GTM Tools Add-on For Google Sheets
In this first iteration, the tools feature a Documentation builder, which lets you automatically generate documentation for the latest version of your Google Tag Manager container, tags, triggers, and variables. In addition to this, the toolset features a Push changes to Notes functionality, which lets you automatically mass update the
Notes field across your tags, triggers, and variables.
How to get it
In Google Sheets, open the Add-ons menu, and click Get add-ons.
You should see the Chrome web store window open. Enter “GTM Tools by Simo Ahava” into the search field and press Enter. You should see the add-on appear in the search results.
Click the + FREE button. You will be asked to sign in with your Google ID, and then approve the add-on access to your data. The add-on requires read and write access to your Google Tag Manager data, and read and write access to your Google Sheets account.
You are then ready to use the tool!
You should see the GTM Tools by Simo Ahava menu item in the Add-ons menu. You might need to reload the page if it isn’t there, or if it seems to be missing all its menu items.
When you click Build documentation, the add-on will prompt you for a Google Tag Manager account and container. The list will include all containers your current logged in Google user ID has access to. Once you’ve selected a container, click Build to start the process.
The builder creates four new sheets: one for your container version, and one each for your tags, triggers, and variables.
As you can see, each sheet is prefixed with the container ID.
Each sheet will contain useful information about your container, based on the Latest version of your container. If no version has been created yet, the documentation builder will not work.
Never rename these default sheets created by the tool! They are necessary for the add-on to work.
Mark changes to Notes
The next thing you can do is manually edit the
Notes field of the tags, triggers, and variables sheets. You can edit or create notes entries for each item, if you wish.
Once you’ve made all the changes to the
Notes fields (changes to other fields are ignored, and you should NEVER, EVER, modify the JSON column), choose Mark changes to Notes in the add-on menu. A new dialog opens.
When you click Mark changes, the tool will go through all the tag, trigger, and variable documentation sheets, and highlight each field that diverges from the latest version. This is to give you a visual clue of which fields have changed values within.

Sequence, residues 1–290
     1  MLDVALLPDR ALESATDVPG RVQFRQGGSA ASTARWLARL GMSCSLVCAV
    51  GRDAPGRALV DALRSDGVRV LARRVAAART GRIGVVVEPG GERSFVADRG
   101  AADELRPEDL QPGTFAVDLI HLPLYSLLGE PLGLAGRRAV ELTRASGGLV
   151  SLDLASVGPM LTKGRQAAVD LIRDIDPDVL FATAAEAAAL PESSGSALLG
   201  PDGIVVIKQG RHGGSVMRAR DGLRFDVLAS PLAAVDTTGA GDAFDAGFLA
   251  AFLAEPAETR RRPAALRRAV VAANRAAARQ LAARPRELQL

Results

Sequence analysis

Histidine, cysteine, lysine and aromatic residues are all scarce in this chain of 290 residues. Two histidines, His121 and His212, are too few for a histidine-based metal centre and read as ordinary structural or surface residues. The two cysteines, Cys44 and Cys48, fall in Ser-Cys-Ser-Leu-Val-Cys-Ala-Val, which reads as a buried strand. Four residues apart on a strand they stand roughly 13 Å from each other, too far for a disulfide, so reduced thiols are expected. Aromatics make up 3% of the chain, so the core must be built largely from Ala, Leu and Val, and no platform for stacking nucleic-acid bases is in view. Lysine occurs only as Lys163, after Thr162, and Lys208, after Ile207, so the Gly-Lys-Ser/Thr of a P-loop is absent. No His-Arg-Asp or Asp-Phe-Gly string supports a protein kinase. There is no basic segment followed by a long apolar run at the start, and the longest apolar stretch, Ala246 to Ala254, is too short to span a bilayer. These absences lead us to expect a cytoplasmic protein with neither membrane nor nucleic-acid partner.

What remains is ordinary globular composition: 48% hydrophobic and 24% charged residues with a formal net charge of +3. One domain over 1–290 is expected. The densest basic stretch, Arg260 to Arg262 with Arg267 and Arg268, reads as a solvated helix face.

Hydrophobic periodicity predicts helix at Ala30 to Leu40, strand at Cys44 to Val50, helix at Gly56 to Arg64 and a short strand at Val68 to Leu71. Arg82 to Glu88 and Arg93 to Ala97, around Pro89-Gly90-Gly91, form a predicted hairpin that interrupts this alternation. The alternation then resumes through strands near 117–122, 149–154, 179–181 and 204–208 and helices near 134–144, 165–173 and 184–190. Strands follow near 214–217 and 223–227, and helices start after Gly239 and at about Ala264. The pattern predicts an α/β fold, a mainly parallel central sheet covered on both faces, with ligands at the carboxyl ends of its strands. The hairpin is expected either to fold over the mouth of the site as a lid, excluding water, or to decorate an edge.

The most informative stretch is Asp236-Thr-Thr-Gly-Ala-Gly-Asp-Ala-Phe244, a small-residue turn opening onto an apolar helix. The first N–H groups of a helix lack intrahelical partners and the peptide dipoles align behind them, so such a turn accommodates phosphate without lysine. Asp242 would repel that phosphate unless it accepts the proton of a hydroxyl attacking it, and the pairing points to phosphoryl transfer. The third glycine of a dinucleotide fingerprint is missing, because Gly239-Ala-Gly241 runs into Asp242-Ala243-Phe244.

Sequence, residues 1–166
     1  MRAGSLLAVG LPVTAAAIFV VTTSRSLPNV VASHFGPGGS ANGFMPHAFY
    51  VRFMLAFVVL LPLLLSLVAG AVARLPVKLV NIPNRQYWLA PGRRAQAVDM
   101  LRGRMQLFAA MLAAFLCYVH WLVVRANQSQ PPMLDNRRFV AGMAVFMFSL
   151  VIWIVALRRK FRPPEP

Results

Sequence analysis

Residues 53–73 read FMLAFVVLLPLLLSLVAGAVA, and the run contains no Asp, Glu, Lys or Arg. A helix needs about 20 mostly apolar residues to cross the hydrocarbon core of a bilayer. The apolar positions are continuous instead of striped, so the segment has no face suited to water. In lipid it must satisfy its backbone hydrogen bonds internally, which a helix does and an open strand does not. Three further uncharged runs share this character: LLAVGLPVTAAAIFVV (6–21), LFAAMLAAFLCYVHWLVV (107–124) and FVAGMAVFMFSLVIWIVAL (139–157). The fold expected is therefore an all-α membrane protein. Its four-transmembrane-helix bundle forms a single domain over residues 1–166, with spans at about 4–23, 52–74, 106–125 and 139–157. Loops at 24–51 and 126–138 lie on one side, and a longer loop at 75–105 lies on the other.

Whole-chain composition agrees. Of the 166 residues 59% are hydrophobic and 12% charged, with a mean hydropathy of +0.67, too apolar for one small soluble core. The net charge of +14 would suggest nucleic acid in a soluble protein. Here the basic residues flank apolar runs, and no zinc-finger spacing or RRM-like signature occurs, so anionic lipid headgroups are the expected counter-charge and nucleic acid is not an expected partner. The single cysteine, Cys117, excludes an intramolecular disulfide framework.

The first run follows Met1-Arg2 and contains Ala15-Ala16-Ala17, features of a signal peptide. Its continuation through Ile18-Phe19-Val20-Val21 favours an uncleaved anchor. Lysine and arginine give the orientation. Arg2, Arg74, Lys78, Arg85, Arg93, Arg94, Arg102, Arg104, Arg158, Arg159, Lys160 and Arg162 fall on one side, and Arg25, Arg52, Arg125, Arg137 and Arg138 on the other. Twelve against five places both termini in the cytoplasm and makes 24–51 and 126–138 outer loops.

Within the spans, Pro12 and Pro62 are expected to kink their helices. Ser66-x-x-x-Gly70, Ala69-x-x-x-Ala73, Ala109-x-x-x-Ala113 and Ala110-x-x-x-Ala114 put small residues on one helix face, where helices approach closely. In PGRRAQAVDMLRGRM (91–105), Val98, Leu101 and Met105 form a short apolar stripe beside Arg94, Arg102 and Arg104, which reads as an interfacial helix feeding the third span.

The dialog will also tell you how many fields were highlighted as a result.
Push changes to Notes
Once you’ve made changes to the notes fields, you can push these changes to a GTM container. The container is automatically selected based on the sheet you have active in Google Sheets. So if you have active one of the documentation sheets prefixed for GTM-XXXXX-X, then that will be used as the target container for the push. If you have selected one of the sheets prefixed with GTM-YYYYY-Y, then that will be used, etc.
See the screenshot at the beginning of this article for an example of what the modal looks like when you have a valid sheet selected.
Once you click PUSH CHANGES, the tool will update all the tags, triggers, and variables in the sheets for this container, modifying the
notes field of each to match the changes you made. The changes will be done in the workspace you chose using the selector in the modal.
When the push is complete, the modal will inform you how many changes were made. You can also click a link in the modal to have the tools create a new container version of the workspace you just updated.
This is at your own risk. If the workspace doesn’t validate, it will result in an error. Note that all changes in the workspace will be included in the new version.
After you’ve pushed the changes, you should really create a new version as soon as possible. Otherwise the documentation will always interpret the changes to the notes to be new changes, because they are always compared against the latest container version.
When a new version has been created, you should always re-run Build documentation.
When rebuilding the documentation, the add-on will always show the following prompt if a sheet has already been created by the tool. You will have the option of overwriting the sheet or skipping it in the documentation build process. Unless you’ve made some manual changes to the sheets generated by the documentation (I’d recommend against this), it’s a good idea to always allow the add-on to overwrite the sheets’ contents with the data from the latest version of the container.
Words of caution
For the add-on to work properly, follow the following guidelines:
Never edit the sheet names - it’s imperative that the sheets use the default names created by the add-on
Never delete or modify the named ranges created by the add-on
Never edit values in the JSON column
Changing other column values than
Notes will not do anything. At some point I might add the option to mass update the other fields, too.
What information do you collect?
The GTM Tools by Simo Ahava add-on collects no information from its users. It is an API tool used for managing and updating Google Tag Manager containers, tags, triggers, and variables.
The only thing the add-on logs is the generic Google Cloud Console API usage statistics, which tells the owner how much the enabled APIs are being used, but this data cannot be used to identify users or individual use patterns.
How do you use the information?
No user or usage information is used. The only thing the owner monitors is API usage, so that it can be determined if quotas need to be increased to ensure the tool works smoothly.
What information do you share?
No information is shared with third parties, with other users, with analytics tools, with marketing partners, or any other party.